Paper of any quality soon became scarce and was classed as a luxury item by the Government, and so Ethel Gabain produced paintings instead of further lithographs. Many of these were subjects she chose, seeking to produce significant records of wartime activities. These included a portrait of Sir Alexander Fleming at work and medical equipment in operation in hospitals. A press photograph shows her at an easel painting, perched on the debris following an air raid on Stepney, watched by two schoolboys.

Ethel Gabain did not allow the second kidney operation in 1943 to interrupt her work which continued throughout the rest of the Second World War. A number of these works are in the collection of the Imperial War Museum and the Grosvenor Museum, Chester. After the War she resumed her figure painting and works shown at the RA include The Yellow Gloves and Hilda Pearson testing Gyro Compass at Ferranti’s (1946), Pam Reading (1947) and The Little French Bride (1948). She continued to paint even when arthritis required her to strap a brush to her wrist.

A photograph taken at the Royal Society of British Artists in the late 1940s shows her standing behind her husband while he speaks. Her fragility is evident. She died in January 1950, and soon after, a memorial exhibition was held at the R.B.A. galleries in Suffolk Street. In the foreword, Martin Hardie wrote of the theme she made particularly her own, that of adolescent girlhood, and her many depictions of her model Carmen’s fragile beauty. He also referred to her gallantry while she endured illness and constant suffering, though she hid this from all but her closest friends.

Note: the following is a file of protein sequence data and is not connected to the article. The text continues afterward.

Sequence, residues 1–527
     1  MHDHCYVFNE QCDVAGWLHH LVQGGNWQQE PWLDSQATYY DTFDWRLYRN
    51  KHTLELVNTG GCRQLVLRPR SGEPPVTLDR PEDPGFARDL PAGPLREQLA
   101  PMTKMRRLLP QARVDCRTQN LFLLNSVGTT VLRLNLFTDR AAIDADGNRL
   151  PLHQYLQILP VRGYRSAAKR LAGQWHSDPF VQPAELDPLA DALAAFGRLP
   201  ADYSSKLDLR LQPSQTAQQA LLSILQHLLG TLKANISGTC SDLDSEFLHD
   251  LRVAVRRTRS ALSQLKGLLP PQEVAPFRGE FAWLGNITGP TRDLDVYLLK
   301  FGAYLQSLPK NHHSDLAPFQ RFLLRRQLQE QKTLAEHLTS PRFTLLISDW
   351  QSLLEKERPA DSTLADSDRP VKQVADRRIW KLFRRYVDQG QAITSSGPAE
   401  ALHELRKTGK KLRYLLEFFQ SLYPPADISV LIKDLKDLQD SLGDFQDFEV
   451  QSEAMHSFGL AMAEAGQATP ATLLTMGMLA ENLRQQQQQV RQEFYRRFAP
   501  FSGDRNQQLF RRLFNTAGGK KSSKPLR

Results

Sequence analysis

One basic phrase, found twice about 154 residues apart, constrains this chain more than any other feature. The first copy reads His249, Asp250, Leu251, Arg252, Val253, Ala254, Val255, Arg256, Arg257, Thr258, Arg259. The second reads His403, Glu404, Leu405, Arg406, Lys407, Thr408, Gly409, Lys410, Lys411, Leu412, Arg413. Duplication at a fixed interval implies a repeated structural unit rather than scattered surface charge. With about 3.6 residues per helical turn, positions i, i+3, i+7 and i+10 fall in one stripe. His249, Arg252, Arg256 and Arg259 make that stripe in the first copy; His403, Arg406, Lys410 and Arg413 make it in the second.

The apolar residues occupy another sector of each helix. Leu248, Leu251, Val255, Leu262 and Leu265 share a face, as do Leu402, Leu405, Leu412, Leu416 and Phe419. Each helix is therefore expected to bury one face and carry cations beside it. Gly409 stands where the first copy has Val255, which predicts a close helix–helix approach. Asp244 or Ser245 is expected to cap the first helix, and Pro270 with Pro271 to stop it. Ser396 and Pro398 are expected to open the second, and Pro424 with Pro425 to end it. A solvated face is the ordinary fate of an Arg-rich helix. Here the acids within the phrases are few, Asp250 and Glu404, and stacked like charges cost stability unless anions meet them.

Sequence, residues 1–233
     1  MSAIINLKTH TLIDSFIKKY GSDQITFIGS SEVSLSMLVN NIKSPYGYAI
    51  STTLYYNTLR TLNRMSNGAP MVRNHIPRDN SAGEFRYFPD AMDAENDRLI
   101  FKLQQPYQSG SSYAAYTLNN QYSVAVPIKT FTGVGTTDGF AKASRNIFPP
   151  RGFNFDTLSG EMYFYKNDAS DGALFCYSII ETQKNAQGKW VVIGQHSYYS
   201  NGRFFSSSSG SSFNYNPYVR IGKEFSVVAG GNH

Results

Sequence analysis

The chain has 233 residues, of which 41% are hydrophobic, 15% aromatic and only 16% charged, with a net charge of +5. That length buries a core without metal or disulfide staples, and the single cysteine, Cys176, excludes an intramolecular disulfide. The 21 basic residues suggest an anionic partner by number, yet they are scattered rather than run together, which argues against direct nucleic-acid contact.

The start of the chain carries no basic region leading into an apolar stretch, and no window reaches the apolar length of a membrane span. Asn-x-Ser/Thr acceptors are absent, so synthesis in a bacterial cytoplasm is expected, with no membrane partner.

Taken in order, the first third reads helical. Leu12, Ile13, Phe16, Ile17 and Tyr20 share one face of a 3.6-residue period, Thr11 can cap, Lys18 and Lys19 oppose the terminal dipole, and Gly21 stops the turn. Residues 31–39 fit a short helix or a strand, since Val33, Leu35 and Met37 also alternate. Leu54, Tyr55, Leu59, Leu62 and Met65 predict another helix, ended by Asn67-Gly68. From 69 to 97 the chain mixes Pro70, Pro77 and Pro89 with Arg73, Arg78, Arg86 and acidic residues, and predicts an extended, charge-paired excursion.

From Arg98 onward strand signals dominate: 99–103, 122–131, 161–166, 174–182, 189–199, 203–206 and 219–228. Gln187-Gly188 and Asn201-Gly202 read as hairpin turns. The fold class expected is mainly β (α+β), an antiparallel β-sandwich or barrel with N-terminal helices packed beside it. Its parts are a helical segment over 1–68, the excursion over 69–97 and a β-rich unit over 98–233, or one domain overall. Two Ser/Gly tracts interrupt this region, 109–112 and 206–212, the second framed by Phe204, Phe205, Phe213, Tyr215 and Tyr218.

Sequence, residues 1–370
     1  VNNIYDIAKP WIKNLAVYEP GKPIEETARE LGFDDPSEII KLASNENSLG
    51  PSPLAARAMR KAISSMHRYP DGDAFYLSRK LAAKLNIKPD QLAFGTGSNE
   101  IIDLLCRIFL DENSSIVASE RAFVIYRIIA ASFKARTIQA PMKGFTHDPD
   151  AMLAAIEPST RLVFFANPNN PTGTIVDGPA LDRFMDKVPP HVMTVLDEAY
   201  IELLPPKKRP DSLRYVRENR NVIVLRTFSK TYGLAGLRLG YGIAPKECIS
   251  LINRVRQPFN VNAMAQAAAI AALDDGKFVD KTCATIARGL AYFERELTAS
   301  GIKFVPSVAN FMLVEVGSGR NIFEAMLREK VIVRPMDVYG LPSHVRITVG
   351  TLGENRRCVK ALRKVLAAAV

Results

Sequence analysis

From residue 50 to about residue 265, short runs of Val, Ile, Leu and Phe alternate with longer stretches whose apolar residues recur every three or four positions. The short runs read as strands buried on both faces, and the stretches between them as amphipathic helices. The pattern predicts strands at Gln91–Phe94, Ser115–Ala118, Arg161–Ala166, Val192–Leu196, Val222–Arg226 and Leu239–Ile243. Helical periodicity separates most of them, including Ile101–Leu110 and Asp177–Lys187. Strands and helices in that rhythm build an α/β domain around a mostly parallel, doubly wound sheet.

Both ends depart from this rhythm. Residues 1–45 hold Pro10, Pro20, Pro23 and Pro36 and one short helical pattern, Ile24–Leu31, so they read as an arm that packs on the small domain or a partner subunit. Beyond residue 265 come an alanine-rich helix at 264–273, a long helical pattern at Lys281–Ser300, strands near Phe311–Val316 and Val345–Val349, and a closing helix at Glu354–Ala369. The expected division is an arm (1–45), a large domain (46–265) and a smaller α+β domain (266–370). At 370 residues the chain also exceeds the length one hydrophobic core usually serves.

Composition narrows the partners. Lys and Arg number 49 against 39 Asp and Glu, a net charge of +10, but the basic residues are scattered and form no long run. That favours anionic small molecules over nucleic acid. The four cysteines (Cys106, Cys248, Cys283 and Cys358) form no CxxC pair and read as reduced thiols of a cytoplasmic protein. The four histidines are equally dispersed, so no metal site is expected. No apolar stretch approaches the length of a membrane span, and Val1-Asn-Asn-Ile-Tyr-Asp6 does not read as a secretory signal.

Her obituary notice in The Times spoke of her figures at a window or on a balcony, as if they were illustrations to a story as yet unwritten, her pictures showing a sensitive appreciation of the music of space. She seemed to have a special sympathy with and understanding of the phase between girlhood and womanhood.’

An exhibition of her prints, in conjunction with John Copley, was held at Garton & Cooke in 1985 followed by a solo show The Lithographs of Ethel Gabain staged at The Fine Art Society in 2003. The Life and Works of Ethel Gabain by Susan Thomson was published in 2008. The Fine Art Society held two further exhibitions of her prints in 2017.